This idea is ingenious!
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Things that blow out deals are usually avoidable, and are easy to identify in hindsight. In this case, the agent let the buyers pick a roofer out of the book, which is a terrible way to do business. He gets paid the same whether he blows the deal or not, so of course he tells the buyers the house will fall down some day. No wonder he has great reviews – think of all the homebuyers he saved from buying a regular house, and are still renting!
But the most important lesson is how the agent handled the situation once a concern has been identified. Buyers are counting on their agent for expert guidance, which should include pointing out that there are no perfect homes out there, and let’s find a way to deal with the imperfections – because in this case, the house had far more positives than negatives.
But instead, the agent – who had been telling me that everything was fine – just sends over the cancellation form in the dead of night. She didn’t give me any more opportunity to address the concern (even though I has already provided ample evidence), or try to fix it herself. Instead, once her buyers objected, she just cancelled.
This is where we will see the last nine years of a bull market come back to haunt us. There are plenty of agents who got into the business since 2009 that not only consider themselves one-percenters, but have built teams and are riding a high horse. But they have never had to handle buyer objections.
Expect a long, stagnant, bumpy market ahead.
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What did I do? I went back to the second-place finisher and sold it to them.
Hat tip to Eddie89 for alerting us to how the sale turned out:
A bidding war recently broke out over a prime piece of California real estate — and it wasn’t for a tiny San Francisco condo.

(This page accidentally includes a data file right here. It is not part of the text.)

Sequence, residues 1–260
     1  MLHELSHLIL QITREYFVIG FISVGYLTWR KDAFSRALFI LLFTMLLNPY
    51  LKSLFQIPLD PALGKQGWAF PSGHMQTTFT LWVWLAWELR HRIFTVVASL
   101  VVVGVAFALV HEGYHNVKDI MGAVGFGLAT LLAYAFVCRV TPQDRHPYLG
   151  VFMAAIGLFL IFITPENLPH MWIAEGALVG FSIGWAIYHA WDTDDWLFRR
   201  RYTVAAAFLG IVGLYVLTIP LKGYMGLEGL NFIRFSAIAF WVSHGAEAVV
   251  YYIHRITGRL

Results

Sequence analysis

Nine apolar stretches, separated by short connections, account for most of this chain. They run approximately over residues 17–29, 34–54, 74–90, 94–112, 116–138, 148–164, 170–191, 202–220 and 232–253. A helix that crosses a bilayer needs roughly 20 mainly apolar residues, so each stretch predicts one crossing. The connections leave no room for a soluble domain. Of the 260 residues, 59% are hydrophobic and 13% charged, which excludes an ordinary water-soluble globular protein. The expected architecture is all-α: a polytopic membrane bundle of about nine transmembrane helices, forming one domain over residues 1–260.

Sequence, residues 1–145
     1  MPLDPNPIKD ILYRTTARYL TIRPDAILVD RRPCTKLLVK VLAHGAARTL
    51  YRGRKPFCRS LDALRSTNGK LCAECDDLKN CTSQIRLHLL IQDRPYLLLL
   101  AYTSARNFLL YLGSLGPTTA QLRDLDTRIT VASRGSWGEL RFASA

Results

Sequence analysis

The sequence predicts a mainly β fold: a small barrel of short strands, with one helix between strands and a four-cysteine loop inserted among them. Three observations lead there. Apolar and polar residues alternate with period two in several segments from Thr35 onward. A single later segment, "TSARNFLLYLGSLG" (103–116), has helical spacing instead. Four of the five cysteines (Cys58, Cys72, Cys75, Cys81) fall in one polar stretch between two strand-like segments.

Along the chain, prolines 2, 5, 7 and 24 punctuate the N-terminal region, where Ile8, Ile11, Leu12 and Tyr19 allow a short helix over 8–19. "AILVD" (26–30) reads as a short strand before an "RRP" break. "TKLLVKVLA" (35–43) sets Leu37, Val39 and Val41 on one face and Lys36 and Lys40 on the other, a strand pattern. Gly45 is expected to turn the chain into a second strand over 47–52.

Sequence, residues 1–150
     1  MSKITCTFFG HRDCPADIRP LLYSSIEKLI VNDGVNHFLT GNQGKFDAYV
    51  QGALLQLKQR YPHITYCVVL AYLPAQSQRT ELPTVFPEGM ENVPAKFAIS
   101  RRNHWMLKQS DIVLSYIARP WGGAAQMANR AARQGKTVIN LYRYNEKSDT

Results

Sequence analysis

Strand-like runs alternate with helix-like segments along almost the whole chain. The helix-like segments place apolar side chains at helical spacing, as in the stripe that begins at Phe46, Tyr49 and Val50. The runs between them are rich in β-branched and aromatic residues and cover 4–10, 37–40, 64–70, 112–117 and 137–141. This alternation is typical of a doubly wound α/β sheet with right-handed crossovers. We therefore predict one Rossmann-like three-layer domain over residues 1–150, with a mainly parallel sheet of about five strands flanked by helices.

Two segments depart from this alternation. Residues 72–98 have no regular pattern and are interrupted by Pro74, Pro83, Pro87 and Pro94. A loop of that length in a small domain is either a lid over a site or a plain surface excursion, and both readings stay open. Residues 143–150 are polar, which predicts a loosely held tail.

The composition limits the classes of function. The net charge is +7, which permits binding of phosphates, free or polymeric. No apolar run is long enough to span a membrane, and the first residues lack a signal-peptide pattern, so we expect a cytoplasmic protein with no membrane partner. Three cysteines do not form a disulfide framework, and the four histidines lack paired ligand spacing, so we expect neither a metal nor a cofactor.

In this case, a dozen offers were made for an entire town, the 19th-century mining hub of Cerro Gordo, on 300 acres in the Inyo Mountains outside Lone Pine, Calif. It was listed for for $925,000 in June and closed on Friday the 13th for $1.4 million.
“I would say the date was very coincidental,” says listing agent Jake Rasmuson of Bishop Real Estate. “Strictly by chance but very fitting for the property.”
The seller accepted an offer from a group of Los Angeles investors who plan to preserve the relic of the American West and keep it open to the public.
“We did have higher offers, however the sellers really liked the buyers’ proposal and liked the buyers’ plan,” says Rasmuson.
Cerro Gordo has been in the hands of the same family for decades, and though privately owned, it was open to the public for tours. The owners were hoping to sell to someone who appreciates the property’s history.
The buyers are Brent Underwood, who founded the youth hostel HK Austin and Jon Bier, who runs a public relations firm catering to athletes. The two teamed up with other investors to make the purchase; they include Ryan Holiday, former director of marketing at American Apparel; Tero Isokauppila, CEO/founder of superfood company Four Sigmatic; Brendan Gahan, CEO/founder of Epic Signal; George Rutolo, owner of The Whisky Bars; and Kelley Mooney, an en executive at Hulu.